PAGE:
01 Mar 2019
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In Character: A Case Discussion Drama

by Julia Hanna

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What motivates you at work? How about Peter, down the hall in accounting? Or Linda, who heads up sales? In “Stoy Foods,” a case taught in the second-year MBA course Managing, Organizing & Motivating for Value, students adopt different roles in a family business drama to better understand how emotions and self-narratives can drive a firm’s trajectory and, ultimately, its value. The cast of characters includes Petja Stoyanovic (Stoy Food’s 83-year-old founder and CEO) and his three children: Katrina (VP, private label products); Milan (COO and CFO); and Danijela (a surgeon with an interest in the business but no day-to-day role). The case is fictional but is based on a combination of several real businesses encountered by Boris Tsimerinov (PLDA 16, 2017), managing director at Semper8 Capital, a Toronto-based investment firm. Tsimerinov worked closely with Associate Professor John Beshears to craft a case that captures the dynamics common across many situations, and that also brings in unique elements from individual examples to highlight important themes.

With 450 employees and more than $300 million Canadian in annual revenue, Stoy Foods faces a turning point. Rainbow Foods, a UK-based multinational, is interested in acquiring the company. Petja is hopeful that his children will instead continue to operate the family business independently. But there are barriers to that happy scenario. Katrina, the visionary behind the company’s highly profitable private label business, wants to cash out in a few years to achieve better work-life balance. Milan, the workhorse, hopes to carry the family legacy forward. And whatever the outcome, Danijela, the unofficial family mediator, expects her ownership stake will be recognized as equal or near-equal to that of her brother and sister.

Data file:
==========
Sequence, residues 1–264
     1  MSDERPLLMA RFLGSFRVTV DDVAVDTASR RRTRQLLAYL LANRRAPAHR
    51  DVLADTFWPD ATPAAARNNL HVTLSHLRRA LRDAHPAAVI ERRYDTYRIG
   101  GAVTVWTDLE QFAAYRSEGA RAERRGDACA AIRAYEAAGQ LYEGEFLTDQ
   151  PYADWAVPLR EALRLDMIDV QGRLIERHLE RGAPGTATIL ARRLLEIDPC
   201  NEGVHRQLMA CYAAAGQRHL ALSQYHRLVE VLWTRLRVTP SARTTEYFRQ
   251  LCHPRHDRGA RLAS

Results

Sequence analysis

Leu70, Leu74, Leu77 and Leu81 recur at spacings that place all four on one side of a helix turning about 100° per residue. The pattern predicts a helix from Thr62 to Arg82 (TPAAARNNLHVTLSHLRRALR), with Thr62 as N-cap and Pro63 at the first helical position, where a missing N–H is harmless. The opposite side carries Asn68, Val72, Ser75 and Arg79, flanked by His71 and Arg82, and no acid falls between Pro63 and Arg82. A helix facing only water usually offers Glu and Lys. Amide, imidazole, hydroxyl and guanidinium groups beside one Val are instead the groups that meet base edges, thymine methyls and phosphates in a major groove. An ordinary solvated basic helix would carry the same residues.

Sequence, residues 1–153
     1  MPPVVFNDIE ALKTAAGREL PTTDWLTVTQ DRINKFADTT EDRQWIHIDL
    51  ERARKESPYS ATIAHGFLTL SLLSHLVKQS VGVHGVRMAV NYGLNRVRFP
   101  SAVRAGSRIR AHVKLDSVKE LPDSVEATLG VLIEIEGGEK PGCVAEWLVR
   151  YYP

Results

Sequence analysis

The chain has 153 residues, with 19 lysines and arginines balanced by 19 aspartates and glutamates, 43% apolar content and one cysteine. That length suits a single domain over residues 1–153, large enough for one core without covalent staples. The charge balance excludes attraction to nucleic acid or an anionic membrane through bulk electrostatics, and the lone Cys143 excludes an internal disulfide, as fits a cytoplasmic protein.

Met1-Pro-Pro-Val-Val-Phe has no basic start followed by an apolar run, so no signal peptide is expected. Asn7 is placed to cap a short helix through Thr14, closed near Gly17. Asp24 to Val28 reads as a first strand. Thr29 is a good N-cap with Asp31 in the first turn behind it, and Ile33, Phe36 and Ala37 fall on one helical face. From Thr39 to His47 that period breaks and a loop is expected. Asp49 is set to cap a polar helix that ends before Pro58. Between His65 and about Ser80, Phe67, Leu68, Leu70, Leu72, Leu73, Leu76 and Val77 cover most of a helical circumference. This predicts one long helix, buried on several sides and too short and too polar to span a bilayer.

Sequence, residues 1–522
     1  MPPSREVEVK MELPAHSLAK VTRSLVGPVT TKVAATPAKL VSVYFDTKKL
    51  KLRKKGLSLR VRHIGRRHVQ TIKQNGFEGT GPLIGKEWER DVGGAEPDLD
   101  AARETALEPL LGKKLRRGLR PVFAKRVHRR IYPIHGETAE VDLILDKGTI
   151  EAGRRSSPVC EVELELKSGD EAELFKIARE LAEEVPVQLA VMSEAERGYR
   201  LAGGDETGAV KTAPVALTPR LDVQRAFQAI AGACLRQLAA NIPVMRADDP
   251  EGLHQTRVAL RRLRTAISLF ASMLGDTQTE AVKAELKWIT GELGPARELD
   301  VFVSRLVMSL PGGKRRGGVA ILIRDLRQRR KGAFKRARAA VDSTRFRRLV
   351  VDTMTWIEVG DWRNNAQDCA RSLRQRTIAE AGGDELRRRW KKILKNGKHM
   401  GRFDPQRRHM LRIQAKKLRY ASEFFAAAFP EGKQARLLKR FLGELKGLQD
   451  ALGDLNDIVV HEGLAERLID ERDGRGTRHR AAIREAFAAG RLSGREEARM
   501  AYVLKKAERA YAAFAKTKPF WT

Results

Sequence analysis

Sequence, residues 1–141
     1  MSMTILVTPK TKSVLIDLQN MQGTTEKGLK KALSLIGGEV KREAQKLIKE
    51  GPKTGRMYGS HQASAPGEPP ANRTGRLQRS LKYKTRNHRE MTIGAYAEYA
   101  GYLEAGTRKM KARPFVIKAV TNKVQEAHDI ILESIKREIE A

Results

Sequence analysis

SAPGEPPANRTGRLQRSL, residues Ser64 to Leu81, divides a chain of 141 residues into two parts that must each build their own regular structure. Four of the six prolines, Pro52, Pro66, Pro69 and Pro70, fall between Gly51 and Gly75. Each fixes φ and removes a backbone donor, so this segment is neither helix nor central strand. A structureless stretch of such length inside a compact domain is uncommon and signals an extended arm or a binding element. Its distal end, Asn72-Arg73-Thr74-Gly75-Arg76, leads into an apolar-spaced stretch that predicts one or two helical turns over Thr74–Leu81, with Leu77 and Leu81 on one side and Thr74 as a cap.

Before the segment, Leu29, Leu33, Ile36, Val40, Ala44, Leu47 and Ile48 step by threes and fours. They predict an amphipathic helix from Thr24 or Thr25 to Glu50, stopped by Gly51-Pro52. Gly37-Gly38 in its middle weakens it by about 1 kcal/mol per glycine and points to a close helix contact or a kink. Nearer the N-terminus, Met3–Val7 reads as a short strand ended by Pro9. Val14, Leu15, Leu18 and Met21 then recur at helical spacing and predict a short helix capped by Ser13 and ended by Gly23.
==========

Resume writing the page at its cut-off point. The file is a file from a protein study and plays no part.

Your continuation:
Understanding the drivers that motivate other people in a fraught situation (of which there are many in business) and reacting in a way that drives progress doesn’t come naturally. So what better way to practice that skill than to step into someone else’s shoes and hammer things out under pressure? “We try to emphasize that this is not easy,” says Beshears, who led the course with Senior Lecturer Andy Wasynczuk. “A big part of achieving some degree of success is having the flexibility to change your mind. That’s important to experience, not just discuss.” Here, excerpts from a messy process with a powerful takeaway: Reframing differences through the lens of a shared interest (in this case, familial harmony) can be a valuable tool for negotiation.

Illustration by Mario Zucca

Scenes From A Family Meeting
Excerpts from students’ in-character conversation

Milan

COO & CFO
“So you’re thinking of my contributions in terms of revenue alone?”

Katrina

VP, Private Label Products
“I understand we’re a family, but we have to put emotions aside. This is a business.”

Petja

Founder & CEO
“I don’t know if anyone is truly happy at this point, which makes me unhappy.”

Danijela

Surgeon & Unofficial Family Mediator
“Why are we not selling? I’m confused.”
“This family would fall apart without me here.”

 

From Baker Library | Bloomberg Center:

The World Economic Forum estimates that family businesses account for over 70% of global GDP, making their success critical to the global economy. BanyanGlobal Family Business Advisors offer five steps for bringing in a new generation, noting that some degree of conflict is not only inevitable, but desirable. As family firms grow and scale, BCG offers a roadmap to professionalizing the family business. Visit eBaker, the research portal for HBS alumni, to find current business and management research on family businesses in ABI/ProQuest.

 
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